In the meantime, I will continue to read and reflect. Spinuzzi’s recent blog post about “network rhetoric” and Ronfeldt’s “In Search of How Societies Work” will certainly provide fodder for my next round of reflection.

Monday, October 10, 2011

Community and Genre: Teaching Writers About Context

Two of my three primary goals as a writing teacher are to help my students develop an understanding of genre and discourse community. I continually struggle to delve deeper than simply addressing audience awareness so they can learn about discourse communities and the process of becoming a full member as well as how communities shape the genres they uses.

This semester that process, or learning experience, began with building our class community. This was important to me for reasons I outlined in a previous blog post, Creating A Classroom Community, but essentially because I believe it will improve their experience with this class and help them become better writers. The first half of the semester was focused more on working with sources and building our class community, but in the second half I am more than a bit nervous about moving the issue of discourse community front and center to our discussion and work. This nervousness is in part because I haven’t fully worked out all the details yet but it is also the result of my fear that I cannot break this complex topic down effectively for my students which might simply be my fear that I am taking on too much for a general education writing class. Stay tuned!

I began the discussion of discourse community with a journal prompt for my students. It was a rather complex prompt in that I asked them to watch a brief video about Community and Genre and then read my reflections about the process of joining a community in my blog post, Jumping to become a full-patch member. It has only been a few days and so only a handful of students have posted yet but so far those responses have been good. They seem to understand the points I’m making about community and are able to pull examples from their own experiences. The next stage will be to discuss these issues as a class. It will be interesting to see where the discussion leads.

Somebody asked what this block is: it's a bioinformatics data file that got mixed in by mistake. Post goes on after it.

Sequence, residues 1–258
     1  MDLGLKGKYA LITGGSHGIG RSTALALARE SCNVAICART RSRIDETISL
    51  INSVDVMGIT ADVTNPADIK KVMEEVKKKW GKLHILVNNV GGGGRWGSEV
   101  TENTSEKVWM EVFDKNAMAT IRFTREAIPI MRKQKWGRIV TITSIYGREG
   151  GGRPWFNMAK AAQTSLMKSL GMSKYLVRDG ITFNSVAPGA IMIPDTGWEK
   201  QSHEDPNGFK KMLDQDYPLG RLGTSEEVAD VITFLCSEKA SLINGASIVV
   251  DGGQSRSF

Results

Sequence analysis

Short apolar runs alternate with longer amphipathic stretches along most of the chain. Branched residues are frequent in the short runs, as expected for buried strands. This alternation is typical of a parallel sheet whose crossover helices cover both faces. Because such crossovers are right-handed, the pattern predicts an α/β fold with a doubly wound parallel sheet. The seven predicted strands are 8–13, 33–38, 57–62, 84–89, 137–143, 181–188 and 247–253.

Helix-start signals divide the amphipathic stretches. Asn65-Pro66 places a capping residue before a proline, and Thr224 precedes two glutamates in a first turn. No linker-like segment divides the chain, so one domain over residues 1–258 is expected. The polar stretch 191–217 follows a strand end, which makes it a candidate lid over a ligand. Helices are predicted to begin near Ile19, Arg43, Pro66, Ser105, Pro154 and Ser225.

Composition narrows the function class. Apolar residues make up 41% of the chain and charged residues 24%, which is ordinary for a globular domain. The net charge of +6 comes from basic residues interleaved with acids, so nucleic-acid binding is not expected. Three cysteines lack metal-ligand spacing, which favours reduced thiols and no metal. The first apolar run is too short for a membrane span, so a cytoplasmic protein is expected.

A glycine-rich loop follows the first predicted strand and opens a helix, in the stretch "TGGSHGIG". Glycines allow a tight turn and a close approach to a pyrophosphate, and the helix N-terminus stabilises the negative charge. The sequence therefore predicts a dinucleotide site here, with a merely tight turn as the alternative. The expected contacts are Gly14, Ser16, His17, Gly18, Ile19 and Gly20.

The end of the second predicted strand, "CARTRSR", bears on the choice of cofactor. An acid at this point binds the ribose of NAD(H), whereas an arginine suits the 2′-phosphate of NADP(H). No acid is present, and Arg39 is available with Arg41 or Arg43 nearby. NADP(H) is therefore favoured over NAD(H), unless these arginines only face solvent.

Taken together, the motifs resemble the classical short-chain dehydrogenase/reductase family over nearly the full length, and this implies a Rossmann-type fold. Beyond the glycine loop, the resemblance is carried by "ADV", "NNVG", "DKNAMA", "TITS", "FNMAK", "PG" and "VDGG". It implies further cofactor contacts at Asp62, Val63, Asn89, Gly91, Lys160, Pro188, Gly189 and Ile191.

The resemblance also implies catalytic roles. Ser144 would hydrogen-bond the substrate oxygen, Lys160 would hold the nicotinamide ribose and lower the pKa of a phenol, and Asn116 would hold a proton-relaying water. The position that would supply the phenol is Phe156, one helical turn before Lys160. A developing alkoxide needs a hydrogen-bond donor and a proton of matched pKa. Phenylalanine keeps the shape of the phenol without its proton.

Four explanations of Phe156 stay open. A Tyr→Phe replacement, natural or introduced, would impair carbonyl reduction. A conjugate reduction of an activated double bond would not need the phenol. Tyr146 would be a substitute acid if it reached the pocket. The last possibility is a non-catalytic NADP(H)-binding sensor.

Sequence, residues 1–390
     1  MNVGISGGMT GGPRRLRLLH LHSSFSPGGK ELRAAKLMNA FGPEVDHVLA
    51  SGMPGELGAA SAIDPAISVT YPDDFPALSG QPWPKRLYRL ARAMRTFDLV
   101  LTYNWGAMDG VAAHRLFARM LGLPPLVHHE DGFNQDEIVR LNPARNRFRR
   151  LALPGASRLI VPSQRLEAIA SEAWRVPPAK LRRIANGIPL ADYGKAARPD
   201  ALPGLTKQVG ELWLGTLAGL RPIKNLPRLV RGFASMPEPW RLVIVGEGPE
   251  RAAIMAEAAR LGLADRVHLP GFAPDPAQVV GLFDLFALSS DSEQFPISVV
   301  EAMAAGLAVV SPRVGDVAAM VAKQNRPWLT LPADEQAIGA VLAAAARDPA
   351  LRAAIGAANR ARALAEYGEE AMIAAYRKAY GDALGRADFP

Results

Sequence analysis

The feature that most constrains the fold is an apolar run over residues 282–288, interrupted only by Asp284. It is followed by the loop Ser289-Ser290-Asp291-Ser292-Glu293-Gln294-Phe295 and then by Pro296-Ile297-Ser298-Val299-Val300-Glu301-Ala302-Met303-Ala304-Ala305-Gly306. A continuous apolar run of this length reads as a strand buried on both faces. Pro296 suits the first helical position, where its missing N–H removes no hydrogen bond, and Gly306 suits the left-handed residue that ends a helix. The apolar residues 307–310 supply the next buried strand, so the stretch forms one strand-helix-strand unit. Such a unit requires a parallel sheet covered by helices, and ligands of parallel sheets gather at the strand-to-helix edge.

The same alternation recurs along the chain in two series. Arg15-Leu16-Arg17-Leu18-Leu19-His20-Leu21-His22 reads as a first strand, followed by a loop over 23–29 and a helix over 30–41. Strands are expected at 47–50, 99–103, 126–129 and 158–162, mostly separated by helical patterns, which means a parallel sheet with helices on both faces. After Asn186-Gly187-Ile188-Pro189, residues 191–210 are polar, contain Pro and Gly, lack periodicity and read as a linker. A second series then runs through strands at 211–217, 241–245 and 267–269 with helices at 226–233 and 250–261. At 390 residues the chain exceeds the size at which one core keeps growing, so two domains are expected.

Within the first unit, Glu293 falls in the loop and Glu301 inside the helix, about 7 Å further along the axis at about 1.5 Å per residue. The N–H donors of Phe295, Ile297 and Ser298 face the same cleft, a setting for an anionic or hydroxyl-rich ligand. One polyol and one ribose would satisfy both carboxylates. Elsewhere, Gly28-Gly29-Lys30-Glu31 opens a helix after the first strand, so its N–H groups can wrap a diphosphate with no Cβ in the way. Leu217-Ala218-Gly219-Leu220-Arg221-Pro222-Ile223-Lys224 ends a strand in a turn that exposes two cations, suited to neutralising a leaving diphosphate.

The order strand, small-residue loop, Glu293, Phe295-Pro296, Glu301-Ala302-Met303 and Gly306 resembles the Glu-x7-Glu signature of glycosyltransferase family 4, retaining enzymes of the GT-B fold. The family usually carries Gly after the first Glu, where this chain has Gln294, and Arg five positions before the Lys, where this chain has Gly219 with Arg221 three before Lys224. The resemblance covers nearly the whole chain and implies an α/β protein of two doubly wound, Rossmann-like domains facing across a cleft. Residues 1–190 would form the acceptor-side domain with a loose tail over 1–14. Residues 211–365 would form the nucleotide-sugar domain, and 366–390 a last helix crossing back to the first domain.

In the meantime, they are also engaged in two writing assignments that will feed our discussion and (hopefully) their understanding of discourse community and genre. They are currently working on literature reviews of peer-reviewed journals about professional training and communication needs of their intended professions. The intent is to develop a base of knowledge about the expectations and requirements of their field. Their next assignment will be to interview two professionals in their field to help them develop a fuller picture of those expectations and requirements. Toward the end of the interview assignment we will engage in another journal post and class discussion to further deepen their understanding of discourse community as well as to engage in some more specific discussion of genre.

That is where my comfort level ends. I have three more assignments planned to wrap up the semester – an analysis, a final (which is usually some sort of reflective and/or analytical essay), and a culminating project that ties the lessons of the semester into a neat package. In the past I’ve had them analyze degree programs or a professional organization’s code of ethics or best practices but at the suggestion of a colleague I’m leaning more toward some sort of community analysis. Of course how we’ll do that I’m not yet sure. I’m also struggling with whether or not to make these projects/assignments collaborative or solo (or give students the choice). I’ve got a lot of thinking to do about this. Would love to hear about how others teach their students about discourse community and genre.